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Peggy Lee in Fargo, ND Part 2

Posted by sambr 
Peggy Lee in Fargo, ND Part 2
October 28, 2018 08:55AM
[b]Second Fargo period[/b]
The first move to California, in March, 1938, was not a success for Peggy Lee, career-wise or health-wise. In August she returned to North Dakota and underwent a tonsillectomy in Hillsboro, where she was staying with her sisters, Marianne and Della. In September she moved to Fargo for the second time.

A Jamestown newspaper report about Norma Egstrom's return to Fargo included the news that she was to go back to Los Angeles on 1 December, 1938 to fulfil a singing contract. She did not immediately start broadcasting on her return, though she was employed again at the radio station WDAY. She was recovering from the tonsillectomy and the resulting complications. In mid-October she travelled with her parents and her sister, Marianne, to visit her youngest sister, Jean, in Volga, South Dakota. Jean had been taken in by her aunt and uncle, Tilda and Julius Martinson, on the death of Selma Egstrom in 1924 (Tilda was Selma's half-sister). Jean was terminally ill and this was to be the last time she would see her immediate family.
[[i]Stutsman County Record: 8 Sep, 1938
Stutsman County Record: 27 Oct, 1938[/i]]

On the return to North Dakota, Norma stayed in Jamestown with her parents for a weekend. She appeared as a guest on a program broadcast from KRMC in the Gladstone Hotel where she had started singing soon after graduating from high school.
[[i]Stutsman County Record: 27 Oct, 1938[/i]]

Jean Egstrom died on 18 November, 1938. Everyone in the Egstrom family travelled to Volga for the funeral.
[[i]Stutsman County Record: 24 Nov, 1938[/i]]

Peggy Lee was employed at WDAY during the day and, starting in December, she was also holding down a job singing at the Coffee Shop in the Hotel Powers, a 5-minute walk up Broadway from the Black Building where the WDAY studios were located. She sang at the Powers Coffee Shop for the lunch- and dinner-time patrons (the 'Dinner and Supper hours'). Her accompanist on the Hammond electric organ was Frank Norris. The contemporary advertisements for the café indicated that they entertained 7 days a week. On Sundays, Frank Norris played from 1 to 3:30 pm and from 6 to 10 pm. Peggy Lee sang from 1 to 3 pm and from 6 to 8 pm. Monday to Saturday they performed from noon to 1 pm and 6 to 7:30 pm. On Thursdays, Fridays and Saturdays they also entertained the post-theatre crowd from 8:30 pm to midnight.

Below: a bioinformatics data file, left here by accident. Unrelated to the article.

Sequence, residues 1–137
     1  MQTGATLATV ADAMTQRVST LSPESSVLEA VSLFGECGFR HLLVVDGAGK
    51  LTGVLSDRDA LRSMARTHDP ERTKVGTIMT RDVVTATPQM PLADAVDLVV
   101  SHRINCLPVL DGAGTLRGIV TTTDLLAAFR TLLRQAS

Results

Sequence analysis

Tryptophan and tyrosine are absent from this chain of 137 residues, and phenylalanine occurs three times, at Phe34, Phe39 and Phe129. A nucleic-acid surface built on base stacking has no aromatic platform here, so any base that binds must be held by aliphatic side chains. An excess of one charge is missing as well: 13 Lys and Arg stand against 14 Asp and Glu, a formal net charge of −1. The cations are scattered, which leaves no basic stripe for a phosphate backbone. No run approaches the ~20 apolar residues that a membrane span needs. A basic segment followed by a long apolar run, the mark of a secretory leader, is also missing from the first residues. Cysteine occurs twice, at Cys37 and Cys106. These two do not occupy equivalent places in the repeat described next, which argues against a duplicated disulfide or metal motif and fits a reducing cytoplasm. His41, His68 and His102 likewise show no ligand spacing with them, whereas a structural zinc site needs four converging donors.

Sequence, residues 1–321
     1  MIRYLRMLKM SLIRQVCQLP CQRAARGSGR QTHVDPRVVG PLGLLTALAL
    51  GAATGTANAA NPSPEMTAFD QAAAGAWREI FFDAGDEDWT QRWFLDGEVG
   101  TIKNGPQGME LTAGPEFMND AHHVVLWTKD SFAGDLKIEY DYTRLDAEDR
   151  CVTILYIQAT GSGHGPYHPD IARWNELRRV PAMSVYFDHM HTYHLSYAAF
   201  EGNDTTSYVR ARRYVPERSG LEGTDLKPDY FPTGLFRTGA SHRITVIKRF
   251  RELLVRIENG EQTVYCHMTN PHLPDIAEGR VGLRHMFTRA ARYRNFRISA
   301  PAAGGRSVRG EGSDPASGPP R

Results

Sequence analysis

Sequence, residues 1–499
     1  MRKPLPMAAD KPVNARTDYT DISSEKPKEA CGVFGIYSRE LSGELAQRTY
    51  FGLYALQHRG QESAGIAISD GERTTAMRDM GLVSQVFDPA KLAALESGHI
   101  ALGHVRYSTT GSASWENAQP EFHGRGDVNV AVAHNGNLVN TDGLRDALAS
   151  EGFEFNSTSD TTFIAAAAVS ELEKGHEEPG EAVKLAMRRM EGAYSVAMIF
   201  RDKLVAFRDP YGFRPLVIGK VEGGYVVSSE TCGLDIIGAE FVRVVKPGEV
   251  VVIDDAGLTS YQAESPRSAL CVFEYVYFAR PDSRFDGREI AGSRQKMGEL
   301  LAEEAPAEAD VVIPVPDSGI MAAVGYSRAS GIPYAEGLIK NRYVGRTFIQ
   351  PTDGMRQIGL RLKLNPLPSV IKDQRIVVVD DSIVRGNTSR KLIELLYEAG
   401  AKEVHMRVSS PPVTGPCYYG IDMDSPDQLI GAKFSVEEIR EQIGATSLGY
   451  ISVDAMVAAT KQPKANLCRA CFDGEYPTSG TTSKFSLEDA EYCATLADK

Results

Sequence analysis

[[i]Fargo Forum: multiple issues
Inforum: 27 Oct, 2015[/i]]

The [i]Noonday Variety Show[/i] in which Peggy Lee had started her Fargo broadcasting career in 1937 was phased out and replaced by two noontime programs, [i]Tune Time[/i] (12:30 – 12:45 pm) and [i]Dinner Bell Time[/i] (12:45 – 1:30 pm with news, etc breaks). [i]Dinner Bell Time[/i] was sponsored by McCormick-Deering dealers and was first heard at the beginning of December. [i]Tune Time[/i] was, in turn, phased out at the end of December and its time slot taken over by [i]Dinner Bell Time[/i]. It is not known if Peggy Lee took part in the noontime shows. She was on duty at Powers Coffee Shop from noon to 1 pm, so could have appeared in the last half hour of [i]Dinner Bell Time[/i]. Neither Peggy Lee nor her character [i]Freckle Face Gertie[/i] is mentioned in any of the published cast listings, but these are unlikely to be complete.

[i]Advertisement in the Fargo Forum of 5 January, 1939 (detail)[/i]

The first report of Peggy Lee headlining a broadcast at WDAY was 1 December, the day she had been contracted to sing in Los Angeles. The program was beamed live from the Powers Coffee Shop. She and Frank Norris had 15 minutes on the air from 10:15 - 10:30 pm. The broadcast was scheduled as a regular feature each Monday, Thursday and Friday night and continued until the end of May, 1939, when Peggy Lee left Fargo for Grand Forks. From 18 May, the program was broadcast earlier, from 8 to 8:15 pm, and the frequency of the broadcasts was reduced from 3 per week to 2, on Thursday and Friday evenings.

[i]Advertisement in the Fargo Forum of 1 December, 1938[/i]

An advertisement for a local music store featured Peggy Lee and Frank Norris at the Hammond electric organ in the Powers Coffee Shop. This may be Peggy Lee's first endorsement of a commercial product that appeared in print.

[i]Advertisement in the Fargo Forum of 19 March, 1939[/i]

A surviving WDAY script for one of the broadcasts indicates that during the 15 minute show Peggy Lee sang two songs accompanied by Frank Norris, who also played three solos.

In addition to the Coffee Shop remotes, Peggy Lee was featured from the Black Building studios accompanied by the WDAY house orchestra on Tuesdays, with Rudy Rudd conducting. The early evening show (from 5:30 – 5:45 pm) continued until near the end of January, 1939. In February it was replaced by a new headline show, [i]Songs by Peggy Lee[/i], which ran on Wednesday evenings (from 5:30 – 5:45 pm) through mid-March.